II Samuel 17: 21-23 CSB: “After they had gone, Ahimaaz and Jonathan climbed out of the well and went and informed King David. They told him, “Get up and immediately ford the river, for Ahithophel has given this advice against you.” So David and all the people with him got up and crossed the Jordan. By daybreak, there was no one who had not crossed the Jordan. When Ahithophel realized that his advice had not been followed, he saddled his donkey and set out for his house in his hometown. He set his house in order and hanged himself. So he died and was buried in his father’s tomb.

Paul on the Island of Melita

Acts 28: 3-6 NASB: “But when Paul had gathered a bundle of sticks and laid them on the fire, a viper came out because of the heat and fastened itself on his hand.  When the natives saw the creature hanging from his hand, they began saying to one another, “Undoubtedly this man is a murderer, and though he has been saved from the sea, justice has not allowed him to live.” However, Paul shook the creature off into the fire and suffered no harm Now they were expecting that he was going to swell up or suddenly fall down dead. But after they had waited a long time and had seen nothing unusual happen to him, they changed their minds and began to say that he was a god.

King Saul

I Samuel 31: 1-6 NET: “Now the Philistines were fighting against Israel. The men of Israel fled from the Philistines and many of them fell dead on Mount Gilboa. The Philistines stayed right on the heels of Saul and his sons. They struck down Saul’s sons Jonathan, Abinadab, and Malki-Shua. Saul himself was in the thick of the battle; the archers spotted him and wounded him severely. Saul said to his armor-bearer, “Draw your sword and stab me with it! Otherwise these uncircumcised people will come, stab me, and torture me.” But his armor-bearer refused to do it, because he was very afraid. So Saul took his sword and fell on it. When his armor-bearer saw that Saul was dead, he also fell on his own sword and died with him. So Saul, his three sons, his armor-bearer, and all his men died together that day.

Daniel in the Lion’s Den

Daniel 6: 22-24 NLT: My God sent his angel to shut the lions’ mouths so that they would not hurt me, for I have been found innocent in his sight. And I have not wronged you, Your Majesty.” The king was overjoyed and ordered that Daniel be lifted from the den. Not a scratch was found on him, for he had trusted in his God. Then the king gave orders to arrest the men who had maliciously accused Daniel. He had them thrown into the lions’ den, along with their wives and children. The lions leaped on them and tore them apart before they even hit the floor of the den.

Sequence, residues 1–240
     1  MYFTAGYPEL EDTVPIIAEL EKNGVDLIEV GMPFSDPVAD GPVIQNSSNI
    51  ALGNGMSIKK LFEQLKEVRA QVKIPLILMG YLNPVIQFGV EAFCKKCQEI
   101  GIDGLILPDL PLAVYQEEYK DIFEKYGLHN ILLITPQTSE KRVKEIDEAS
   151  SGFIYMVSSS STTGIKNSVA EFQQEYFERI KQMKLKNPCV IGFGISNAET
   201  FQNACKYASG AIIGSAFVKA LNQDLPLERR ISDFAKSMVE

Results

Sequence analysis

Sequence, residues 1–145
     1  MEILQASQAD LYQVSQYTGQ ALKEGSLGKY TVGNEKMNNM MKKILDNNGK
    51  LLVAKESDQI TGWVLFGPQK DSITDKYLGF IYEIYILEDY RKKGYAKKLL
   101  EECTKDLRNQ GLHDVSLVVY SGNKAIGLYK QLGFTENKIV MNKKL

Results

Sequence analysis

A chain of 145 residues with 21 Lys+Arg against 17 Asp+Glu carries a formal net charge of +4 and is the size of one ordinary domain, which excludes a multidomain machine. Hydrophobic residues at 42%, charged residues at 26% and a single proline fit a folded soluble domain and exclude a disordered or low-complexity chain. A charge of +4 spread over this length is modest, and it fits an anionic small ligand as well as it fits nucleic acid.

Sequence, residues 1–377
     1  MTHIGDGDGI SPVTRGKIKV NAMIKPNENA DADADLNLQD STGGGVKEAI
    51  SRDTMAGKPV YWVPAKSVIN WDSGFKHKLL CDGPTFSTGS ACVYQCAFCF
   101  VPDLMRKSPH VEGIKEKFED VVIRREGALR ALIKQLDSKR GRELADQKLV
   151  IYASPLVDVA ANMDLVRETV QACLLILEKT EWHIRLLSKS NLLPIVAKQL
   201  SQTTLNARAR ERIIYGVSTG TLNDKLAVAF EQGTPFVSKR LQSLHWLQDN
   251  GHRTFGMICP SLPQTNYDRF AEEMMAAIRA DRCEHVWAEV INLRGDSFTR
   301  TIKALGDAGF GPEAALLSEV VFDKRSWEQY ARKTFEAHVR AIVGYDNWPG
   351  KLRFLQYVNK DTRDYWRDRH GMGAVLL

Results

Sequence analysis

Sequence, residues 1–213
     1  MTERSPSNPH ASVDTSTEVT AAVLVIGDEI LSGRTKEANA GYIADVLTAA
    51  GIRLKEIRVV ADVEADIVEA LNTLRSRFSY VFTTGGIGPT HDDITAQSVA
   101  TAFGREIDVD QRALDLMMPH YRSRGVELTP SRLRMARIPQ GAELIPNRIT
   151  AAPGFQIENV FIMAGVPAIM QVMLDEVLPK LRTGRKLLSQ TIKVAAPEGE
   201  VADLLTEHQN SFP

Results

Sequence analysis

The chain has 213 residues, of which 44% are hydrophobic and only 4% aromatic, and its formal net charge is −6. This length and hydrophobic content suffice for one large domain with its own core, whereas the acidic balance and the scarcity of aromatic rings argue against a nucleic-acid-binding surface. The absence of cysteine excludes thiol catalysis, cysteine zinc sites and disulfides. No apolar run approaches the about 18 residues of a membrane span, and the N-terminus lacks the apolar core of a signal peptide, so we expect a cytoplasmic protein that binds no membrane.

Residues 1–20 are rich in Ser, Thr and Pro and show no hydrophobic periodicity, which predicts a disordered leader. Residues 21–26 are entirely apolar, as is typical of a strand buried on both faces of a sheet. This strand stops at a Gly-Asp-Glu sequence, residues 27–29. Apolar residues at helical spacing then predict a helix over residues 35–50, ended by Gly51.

The Cross at Calvary

Luke 24: 6-8 NIV: “He is not here; he has risen! Remember how he told you, while he was still with you in Galilee:‘The Son of Man must be delivered over to the hands of sinners, be crucified and on the third day be raised again.’Then they remembered his words.

Be Strong in the Lord

A few years Chris Tomlin wrote the song Whom Shall I Fear but it is also known as God of Angel Armies. This is a faith-building song that is really easy to learn. We are not promised protection from every hard thing a fallen world can bring, but when forces arise to destroy us we have the promise that greater is He who is in you than he who is in the world. (I John 4:4)

February 24, 2021

Spiritual Warfare: The Weapon of Lies

Filed under: Christianity - Devotions — paulthinkingoutloud @ 5:34 pm
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As we soon approach devotional #4,000, it amazes me how many times a reading is tagged with the words, spiritual warfare. Even on my other more topical blog, Thinking Out Loud, this is a theme which is constantly recurring

This theme appears in so many books. Most authors agree that the battlefield on which the warfare is enacted is our minds. Think of bestsellers such as Battlefield of the Mind or Victory Over the Darkness. Spiritual warfare need not be the province of Charismatic or Pentecostal authors however, and it’s a topic we shouldn’t back away from. The battle is real.

Today at Devotions Daily, there was an excerpt from a forthcoming book, Winning the War in Your Mind, by Oklahoma pastor Craig Groeschel. To read it in full, click the header which follows.

Old Lies, New Truth